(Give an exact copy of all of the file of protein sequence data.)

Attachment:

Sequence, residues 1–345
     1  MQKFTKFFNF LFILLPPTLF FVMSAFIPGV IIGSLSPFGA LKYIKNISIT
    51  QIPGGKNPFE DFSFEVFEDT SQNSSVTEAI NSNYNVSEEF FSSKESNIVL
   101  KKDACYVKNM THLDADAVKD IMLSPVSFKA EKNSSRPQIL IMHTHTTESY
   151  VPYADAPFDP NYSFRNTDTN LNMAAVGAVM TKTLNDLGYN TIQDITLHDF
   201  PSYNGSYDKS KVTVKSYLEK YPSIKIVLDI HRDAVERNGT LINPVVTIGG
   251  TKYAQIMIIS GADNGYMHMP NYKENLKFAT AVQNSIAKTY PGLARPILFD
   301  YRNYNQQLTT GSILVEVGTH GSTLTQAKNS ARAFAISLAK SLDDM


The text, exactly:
Sequence, residues 1–345
     1  MQKFTKFFNF LFILLPPTLF FVMSAFIPGV IIGSLSPFGA LKYIKNISIT
    51  QIPGGKNPFE DFSFEVFEDT SQNSSVTEAI NSNYNVSEEF FSSKESNIVL
   101  KKDACYVKNM THLDADAVKD IMLSPVSFKA EKNSSRPQIL IMHTHTTESY
   151  VPYADAPFDP NYSFRNTDTN LNMAAVGAVM TKTLNDLGYN TIQDITLHDF
   201  PSYNGSYDKS KVTVKSYLEK YPSIKIVLDI HRDAVERNGT LINPVVTIGG
   251  TKYAQIMIIS GADNGYMHMP NYKENLKFAT AVQNSIAKTY PGLARPILFD
   301  YRNYNQQLTT GSILVEVGTH GSTLTQAKNS ARAFAISLAK SLDDM